Nuria Gimenez Comas is a prolific composer who lives in France and works on both sides of the Franco-Spanish border. Born in Girona, Catalonia, Nuria Gimenez Comas trained in piano and written and electroacoustic composition in France, at the Bordeaux Conservatoire, and in Geneva, at the Haute Ecole de Musique. She also studied mathematics and new technologies at Ircam in Paris and the ZKM in Karlsruhe, Germany.
It is from Lyon, where she lives, that she tells us about her taste for the springs of electronics, poetry and literature, writing for the theatre and sound space...
You are totally committed to the world of software and mixed works, which combine instrumental writing and electronic devices. You also speak of a very strong relationship with drawing in your scores.
I'm very interested in everything visual. I did a bit of painting when I was young, and I've kept this relationship between the world of sound and the graphic aspect of things. I try to project onto paper the gesture of sound and its deployment in space, to define its form and dramaturgy. I've also worked with video, in a project with Arte. The piece Abraxas M was written as part of Ircam's Académie de Manifeste in 2013.
In 2017, you met Kaija Saariaho at Torronto, where you took part in a workshop devoted to mixed pieces. What is your relationship with the spectral movement?
My music is in tune with the spectral spirit. I love working with sound and elaborating complex textures. This led me to discover the saturation movement. I was very impressed by the music of Franck Bedrossian, whose music I listened to a lot when I was a student at the Haute Ecole de Genève. I then met him at Ircam during the Cursus, where he gave masterclasses.
You've already produced some fifteen mixed works, which is impressive considering that writing with electronics requires a much longer conception time.
It's a field in which I feel comfortable. I've mastered the tools and am trained in programming. I've become autonomous, which means I can work much faster. However, over the last two years, I've become more and more diversified. I have projects for acousmatic pieces - a project linked to theater in particular - and sound installations that require only electronics. I'm also writing more pure instrumental pieces.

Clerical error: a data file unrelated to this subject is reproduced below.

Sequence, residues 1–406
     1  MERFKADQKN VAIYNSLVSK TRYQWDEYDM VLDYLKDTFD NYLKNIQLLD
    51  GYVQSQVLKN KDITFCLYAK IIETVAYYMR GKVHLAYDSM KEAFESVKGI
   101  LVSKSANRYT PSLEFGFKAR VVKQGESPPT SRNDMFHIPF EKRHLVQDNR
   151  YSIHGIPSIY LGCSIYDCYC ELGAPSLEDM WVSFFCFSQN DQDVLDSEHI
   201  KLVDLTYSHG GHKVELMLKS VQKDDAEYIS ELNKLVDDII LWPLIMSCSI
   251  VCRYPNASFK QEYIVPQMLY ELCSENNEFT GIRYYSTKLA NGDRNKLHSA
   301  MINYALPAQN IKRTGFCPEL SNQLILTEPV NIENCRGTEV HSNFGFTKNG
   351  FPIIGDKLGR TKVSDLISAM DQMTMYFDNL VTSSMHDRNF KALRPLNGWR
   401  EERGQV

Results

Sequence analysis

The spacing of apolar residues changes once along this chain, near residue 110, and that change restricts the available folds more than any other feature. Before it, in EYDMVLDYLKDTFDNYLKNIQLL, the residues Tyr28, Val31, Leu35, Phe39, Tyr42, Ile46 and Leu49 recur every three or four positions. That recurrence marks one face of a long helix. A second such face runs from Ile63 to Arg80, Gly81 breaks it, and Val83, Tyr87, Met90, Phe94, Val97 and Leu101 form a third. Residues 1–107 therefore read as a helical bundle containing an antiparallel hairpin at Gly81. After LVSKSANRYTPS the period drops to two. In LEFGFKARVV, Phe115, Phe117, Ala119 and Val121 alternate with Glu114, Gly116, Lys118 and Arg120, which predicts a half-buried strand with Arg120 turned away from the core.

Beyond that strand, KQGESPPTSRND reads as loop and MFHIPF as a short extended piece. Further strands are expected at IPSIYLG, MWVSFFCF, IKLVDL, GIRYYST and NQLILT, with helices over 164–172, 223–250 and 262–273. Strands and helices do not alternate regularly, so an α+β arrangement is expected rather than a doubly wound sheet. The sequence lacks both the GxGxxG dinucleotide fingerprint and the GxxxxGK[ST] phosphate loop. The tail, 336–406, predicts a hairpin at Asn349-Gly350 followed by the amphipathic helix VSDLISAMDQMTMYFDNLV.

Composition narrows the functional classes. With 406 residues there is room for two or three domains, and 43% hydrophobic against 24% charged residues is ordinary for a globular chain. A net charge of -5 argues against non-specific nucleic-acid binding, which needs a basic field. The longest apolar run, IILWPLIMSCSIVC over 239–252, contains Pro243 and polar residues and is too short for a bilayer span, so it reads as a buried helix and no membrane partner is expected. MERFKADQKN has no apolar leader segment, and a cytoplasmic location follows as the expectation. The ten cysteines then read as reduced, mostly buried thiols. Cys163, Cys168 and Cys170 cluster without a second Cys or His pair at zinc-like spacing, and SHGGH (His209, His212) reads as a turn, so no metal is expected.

You've also done several projects with text.
I feel very close to literature and poetry, with which I'm working more and more. In 2017, Notre besoin de consolation, based on the text by Stig Dagerman, was commissioned by the Geneva Camerata and featured Lambert Wilson as reciter. In 2018, I compose Back into Nothingness, a forty-minute monodrama for actress-singer, mixed choir and electronics. I call on the collaboration of Laure Gauthier, who writes the text for the project. The subject is the disturbing case of the orphan Kasper Hauser, which made headlines in 19th-century Europe and inspired writers from Verlaine to Handke. I produced the electronic part at Grame, and the work was premiered as part of the Biennale Musique en scène in Lyon.
How do you see the relationship between text and music?
When I work with an author, I try to make the text comprehensible, at least in its broad outlines; but I can sometimes distance myself more from the meaning. As in Notre besoin de consolation, I use spoken rhythms to convey the story, and leave a central part sung in German by the soloist. I confess I have a lot of trouble getting the French language to sing! For the a cappella chorus, I use a much wider palette of sounds.